Some fire starting proucts from goinggear.com.
I recently had the opportunity to get my paws on a fire kit, and and an exotic hardwood-handled fire steel offered from goinggear.com. They are a fairly new retail website that offers an assortment of the smaller items to help build your wilderness kits. They offer important things such as fire steels, storage capsules, space blankets, whistles, and so much more. Their selection is wonderful, and customer service is top notch. The website is chock full of videos, products, tips, and other content. Marshall, the owner of GoingGear, gave us an idea of his thinking with the types of items he carries on his site. He told us the following. “I look for items that I personally like and would use in the outdoors or on a daily basis. I would not sell anything that I do not believe is a quality product, so focusing on items that are well made and reliable is important to me.”
Hunters, campers, backpackers, or just the run of the mill Woods Monkey all know the importance of fire and the ability to start one quickly and easily. Personally, I have been carrying various fire-starting aids in my pockets and in my pack for years. Sometimes, natural tinder can be hard to acquire, and dry wood can be impossible to obtain. You then need some long-burning tinder to help give your fire that extra push to get it burning strong. That’s where the fire kit comes into play. With a devoted kit to fire starting, you can have many different varieties of tinder at your fingertips, and choose the best one for the job. After you have chosen your tinder, you still need a way to ignite it. This means you need a match, or a lighter or other fire starter of some sort, and it’s important to include more than one means to accomplish this. To take the guesswork out of building a kit, goingear.com has come to your rescue!!!
The fire kit I received for testing actually turned out to be a handy item. It comes in a transparent plastic case, with the lid secured by a ranger band. The band itself can be utilized for tinder in a pinch. They light easily, and have a fairly long burn time. The container is stuffed to the gills with everything you need to get several fires going strong. It includes a chunk of fatwood, a length of duct tape, a small ferro rod with striker, a couple of petroleum jelly soaked cotton balls, fire sticks, and a really neat peanut type lighter. As you can tell, there is a plethora of fire starting materials and ignition sources to choose from. Here is a breakdown of the contents, and my personal observations of their usefulness.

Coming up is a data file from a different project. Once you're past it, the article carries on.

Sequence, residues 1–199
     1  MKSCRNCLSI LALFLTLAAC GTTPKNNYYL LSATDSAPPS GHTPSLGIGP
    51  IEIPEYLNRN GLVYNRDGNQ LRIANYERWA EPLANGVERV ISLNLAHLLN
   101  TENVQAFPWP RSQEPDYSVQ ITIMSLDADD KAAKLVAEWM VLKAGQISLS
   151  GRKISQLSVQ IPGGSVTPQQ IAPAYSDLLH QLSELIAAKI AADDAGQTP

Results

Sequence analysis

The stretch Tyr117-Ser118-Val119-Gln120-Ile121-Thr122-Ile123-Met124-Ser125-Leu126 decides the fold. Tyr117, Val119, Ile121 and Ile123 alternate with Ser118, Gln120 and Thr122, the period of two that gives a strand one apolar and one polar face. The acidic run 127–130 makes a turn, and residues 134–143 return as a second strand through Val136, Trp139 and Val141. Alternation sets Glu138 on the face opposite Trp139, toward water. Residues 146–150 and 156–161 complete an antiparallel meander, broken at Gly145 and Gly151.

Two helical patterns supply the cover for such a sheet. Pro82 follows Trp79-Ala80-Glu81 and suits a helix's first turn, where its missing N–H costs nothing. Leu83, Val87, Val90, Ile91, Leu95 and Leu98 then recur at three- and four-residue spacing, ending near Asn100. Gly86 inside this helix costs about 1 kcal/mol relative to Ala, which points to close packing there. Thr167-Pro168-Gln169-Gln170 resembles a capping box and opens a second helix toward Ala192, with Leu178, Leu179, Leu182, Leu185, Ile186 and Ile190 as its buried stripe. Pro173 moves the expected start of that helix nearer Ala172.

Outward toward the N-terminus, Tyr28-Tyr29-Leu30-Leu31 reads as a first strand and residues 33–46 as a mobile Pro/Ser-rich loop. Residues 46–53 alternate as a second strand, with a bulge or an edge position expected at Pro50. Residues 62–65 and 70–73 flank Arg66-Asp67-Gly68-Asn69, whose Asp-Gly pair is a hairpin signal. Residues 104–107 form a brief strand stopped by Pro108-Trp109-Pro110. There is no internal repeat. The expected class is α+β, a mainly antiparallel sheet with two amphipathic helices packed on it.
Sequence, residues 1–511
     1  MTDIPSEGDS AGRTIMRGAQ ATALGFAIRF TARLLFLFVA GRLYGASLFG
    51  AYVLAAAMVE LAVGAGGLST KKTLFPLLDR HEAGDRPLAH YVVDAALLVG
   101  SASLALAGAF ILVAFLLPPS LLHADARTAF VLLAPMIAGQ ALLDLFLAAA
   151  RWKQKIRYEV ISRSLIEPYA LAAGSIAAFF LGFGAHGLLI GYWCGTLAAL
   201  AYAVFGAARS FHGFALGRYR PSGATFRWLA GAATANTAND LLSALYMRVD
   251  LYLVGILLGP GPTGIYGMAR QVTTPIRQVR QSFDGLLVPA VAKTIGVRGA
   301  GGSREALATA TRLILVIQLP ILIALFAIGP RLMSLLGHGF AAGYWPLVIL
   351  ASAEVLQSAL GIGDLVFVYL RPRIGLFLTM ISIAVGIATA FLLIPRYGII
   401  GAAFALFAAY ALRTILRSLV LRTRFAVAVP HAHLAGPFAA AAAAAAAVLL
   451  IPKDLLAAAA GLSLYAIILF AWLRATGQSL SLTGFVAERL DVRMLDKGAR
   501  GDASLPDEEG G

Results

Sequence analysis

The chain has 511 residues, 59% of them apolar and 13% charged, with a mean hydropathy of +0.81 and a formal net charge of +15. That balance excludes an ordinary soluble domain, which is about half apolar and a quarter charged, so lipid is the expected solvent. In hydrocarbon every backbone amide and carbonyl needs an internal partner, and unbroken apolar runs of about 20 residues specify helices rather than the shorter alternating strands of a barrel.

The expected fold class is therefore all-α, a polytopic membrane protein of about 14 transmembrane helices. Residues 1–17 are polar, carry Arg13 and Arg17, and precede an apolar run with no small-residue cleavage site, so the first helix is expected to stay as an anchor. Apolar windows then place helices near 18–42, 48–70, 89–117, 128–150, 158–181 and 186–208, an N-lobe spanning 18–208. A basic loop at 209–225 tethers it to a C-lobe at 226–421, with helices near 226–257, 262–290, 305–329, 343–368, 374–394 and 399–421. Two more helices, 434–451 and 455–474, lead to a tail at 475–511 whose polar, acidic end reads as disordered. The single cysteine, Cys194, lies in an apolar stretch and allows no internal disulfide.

This is a type of tinder found in the heart wood of dead pine trees. The wood is impregnated with pine sap, is very flammable and has a great burn time. Fatwood is a personal favorite of mine, and my “go-to” tinder. To use, you scrape shavings from the chunk with your knife into a pile and use an ignition source to light it. In windy conditions you can scrape the shavings onto a piece of the enclosed duct tape, and that will keep them from scattering in the wind. I chose to use the small ferro rod to ignite my pile, and in 2 strikes I had fire!!! I love this stuff!
Petroleum Jelly Cotton Balls
Another tinder that has been around for quite some time, and works very, very, well. Cotton by itself is good tinder, but it has a very fast burn time. By smearing it with petroleum jelly you increase the burn time exponentially. What once burned up in a matter of seconds can now produce flame for over 5 minutes! To use, you just remove one from the baggie, fluff it up a bit, and light it up. It is that easy. I used the small ferro rod to ignite mine, and with only one strike I had fire! Now, you don’t even need to use an entire cotton ball. You can simply tear off a chunk of it, and it will do fine. This is an idiot-proof method to get fire. Very easy to use, and very effective.